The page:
Flood costs by zip codes; new form
FEMA has released a new Risk Rating 2.0 interactive map, coupled with a zip code lookup that includes data for existing single-family homes and all existing National Flood Insurance Program policies, as it further defends its new pricing structure. Plus there’s a new Homeowner Flood form that’s part of recent changes to the Standard Flood Insurance Policy. It’s all in this week’s Flood Digest.
Understanding NFIP Rates: Visitors to FEMA’s flood insurance web page can view data that compares rate changes from the new rating methodology – formally called Risk Rating 2.0: Equity in Action – to the legacy rating system in place since the 1970s. FEMA created Risk Rating 2.0 to create flood insurance rates that are actuarially-sound, equitable, easier to understand and better reflect an individual property’s flood risk, in place of the broader old flood maps.
“The comparison data debunks a huge myth held by many critics of the new methodology that under the old system, flood insurance rates were not subject to regular annual increases,” said David Maurstad, senior executive of the National Flood Insurance Program (NFIP). The truth is, rates have gone up every year for all policyholders and would continue to do so if no action is taken. The side-by-side comparisons show some policyholders now will experience decreases under year one of Risk Rating 2.0 while a majority of remaining policyholders will see premium increases mostly on par with what they already pay,” Maurstad added in a news release.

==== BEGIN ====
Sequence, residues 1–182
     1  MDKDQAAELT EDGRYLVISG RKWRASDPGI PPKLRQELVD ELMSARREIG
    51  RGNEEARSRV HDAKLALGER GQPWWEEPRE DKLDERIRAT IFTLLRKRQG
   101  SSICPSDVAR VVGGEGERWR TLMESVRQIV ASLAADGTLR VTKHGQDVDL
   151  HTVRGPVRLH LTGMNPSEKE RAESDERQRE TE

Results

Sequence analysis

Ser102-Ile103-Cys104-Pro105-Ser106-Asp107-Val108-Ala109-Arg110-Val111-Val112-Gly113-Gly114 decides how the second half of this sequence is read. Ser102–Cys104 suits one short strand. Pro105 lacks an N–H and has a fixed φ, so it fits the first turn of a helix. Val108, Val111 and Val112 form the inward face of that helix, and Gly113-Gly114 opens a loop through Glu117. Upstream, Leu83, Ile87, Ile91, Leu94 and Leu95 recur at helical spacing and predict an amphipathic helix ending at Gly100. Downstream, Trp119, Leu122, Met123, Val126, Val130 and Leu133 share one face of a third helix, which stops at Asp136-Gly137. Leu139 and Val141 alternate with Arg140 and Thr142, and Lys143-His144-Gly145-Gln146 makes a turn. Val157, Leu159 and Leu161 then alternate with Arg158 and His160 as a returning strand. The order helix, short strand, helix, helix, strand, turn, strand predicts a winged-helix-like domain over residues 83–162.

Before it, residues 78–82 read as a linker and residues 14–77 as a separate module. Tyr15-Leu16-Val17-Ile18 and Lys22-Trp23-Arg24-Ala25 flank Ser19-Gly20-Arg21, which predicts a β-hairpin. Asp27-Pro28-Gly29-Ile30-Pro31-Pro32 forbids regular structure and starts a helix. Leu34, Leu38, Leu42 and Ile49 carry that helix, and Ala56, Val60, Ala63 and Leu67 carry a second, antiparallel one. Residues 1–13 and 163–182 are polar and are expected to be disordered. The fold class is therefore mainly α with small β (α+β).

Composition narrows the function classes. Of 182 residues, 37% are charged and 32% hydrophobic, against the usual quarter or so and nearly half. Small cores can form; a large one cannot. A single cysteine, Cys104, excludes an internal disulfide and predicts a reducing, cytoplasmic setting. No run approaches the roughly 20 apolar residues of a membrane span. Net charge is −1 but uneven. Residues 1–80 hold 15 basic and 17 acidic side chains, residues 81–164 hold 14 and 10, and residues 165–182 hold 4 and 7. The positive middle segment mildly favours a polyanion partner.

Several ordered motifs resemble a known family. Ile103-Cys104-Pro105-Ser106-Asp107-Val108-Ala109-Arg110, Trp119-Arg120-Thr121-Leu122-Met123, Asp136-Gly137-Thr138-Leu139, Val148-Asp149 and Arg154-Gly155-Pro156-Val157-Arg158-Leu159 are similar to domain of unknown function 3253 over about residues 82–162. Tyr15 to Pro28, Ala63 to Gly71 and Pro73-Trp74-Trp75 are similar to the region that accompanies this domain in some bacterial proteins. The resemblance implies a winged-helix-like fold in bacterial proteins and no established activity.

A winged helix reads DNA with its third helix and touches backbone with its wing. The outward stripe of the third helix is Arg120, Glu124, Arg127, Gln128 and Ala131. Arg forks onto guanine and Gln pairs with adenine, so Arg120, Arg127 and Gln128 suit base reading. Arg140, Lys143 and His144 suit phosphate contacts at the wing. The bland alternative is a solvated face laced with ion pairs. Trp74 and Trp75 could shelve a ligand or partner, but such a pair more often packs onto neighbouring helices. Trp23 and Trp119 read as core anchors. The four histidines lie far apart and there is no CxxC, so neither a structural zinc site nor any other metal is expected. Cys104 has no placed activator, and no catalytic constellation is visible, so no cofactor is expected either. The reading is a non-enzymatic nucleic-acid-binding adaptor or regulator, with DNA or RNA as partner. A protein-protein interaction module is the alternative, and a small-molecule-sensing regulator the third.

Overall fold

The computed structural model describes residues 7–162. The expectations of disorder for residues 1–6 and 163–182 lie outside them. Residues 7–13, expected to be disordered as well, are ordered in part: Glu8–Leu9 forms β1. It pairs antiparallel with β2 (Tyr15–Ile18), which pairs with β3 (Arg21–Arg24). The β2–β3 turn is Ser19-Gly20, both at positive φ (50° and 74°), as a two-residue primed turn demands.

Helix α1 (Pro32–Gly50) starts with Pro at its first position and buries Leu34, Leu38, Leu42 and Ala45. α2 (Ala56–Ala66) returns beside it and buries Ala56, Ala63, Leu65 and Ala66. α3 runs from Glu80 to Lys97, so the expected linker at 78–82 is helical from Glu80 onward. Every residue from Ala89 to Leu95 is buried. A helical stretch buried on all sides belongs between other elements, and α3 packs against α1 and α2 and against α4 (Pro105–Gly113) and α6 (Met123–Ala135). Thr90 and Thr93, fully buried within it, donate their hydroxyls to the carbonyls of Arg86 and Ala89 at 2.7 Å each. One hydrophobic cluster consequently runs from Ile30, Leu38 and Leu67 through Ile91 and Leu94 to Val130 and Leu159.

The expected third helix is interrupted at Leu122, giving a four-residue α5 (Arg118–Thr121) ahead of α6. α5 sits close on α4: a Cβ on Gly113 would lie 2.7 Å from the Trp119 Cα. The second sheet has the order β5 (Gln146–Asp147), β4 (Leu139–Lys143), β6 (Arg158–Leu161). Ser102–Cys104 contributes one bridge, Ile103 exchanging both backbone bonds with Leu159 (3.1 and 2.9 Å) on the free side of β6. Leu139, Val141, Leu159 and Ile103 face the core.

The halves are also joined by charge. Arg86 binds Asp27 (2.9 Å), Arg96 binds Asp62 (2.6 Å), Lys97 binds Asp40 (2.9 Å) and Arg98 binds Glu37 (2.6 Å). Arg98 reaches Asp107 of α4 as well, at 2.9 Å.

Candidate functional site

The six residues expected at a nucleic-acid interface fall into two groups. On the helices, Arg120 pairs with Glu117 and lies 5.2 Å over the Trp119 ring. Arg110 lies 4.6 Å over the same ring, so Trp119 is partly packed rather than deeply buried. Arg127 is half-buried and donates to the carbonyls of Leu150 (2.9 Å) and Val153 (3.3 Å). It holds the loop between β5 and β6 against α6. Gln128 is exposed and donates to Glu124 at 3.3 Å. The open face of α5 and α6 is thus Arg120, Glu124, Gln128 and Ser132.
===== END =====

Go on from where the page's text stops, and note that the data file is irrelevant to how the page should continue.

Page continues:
FEMA and the NFIP argue that its new methodology considers many more granular factors, including the cost to rebuild, which ensures rates are equitable for all policyholders. Under the old system, Maurstad points out, policyholders with lower to moderate value homes with less flood risk subsidized the premiums of policyholders with higher valued homes and higher risk. Adding the cost to rebuild levels the playing field as all premiums now equitably reflect a single property’s unique flood risk. And once the premium paid reflects the true risk, increases would stop, unlike the old system with its annual increases for all policies.
New Forms: FEMA is also out with a new homeowners flood insurance form, the first revamp in more than 20 years. According to a brief by the national law firm Bradley, it’s part of a planned change to the NFIP’s Standard Flood Insurance Policy. The new form would provide coverage for up to four residential properties and provide other streamlining in application and management of policies.
“FEMA has also proposed adding five endorsements to the new form: Increased Cost of Compliance Coverage, Actual Cash Value Loss Settlement, Temporary Housing Expense, Basement Coverage, and Builder’s Risk. These endorsements would be codified at 44 CFR 61 appendices A(101)-(105),” according to Bradley. FEMA anticipates the new form will be more “user-friendly” and with the “accompanying endorsements would increase options and coverage for owners of one-to-four family residences.”
LMA Newsletter of 1-18-22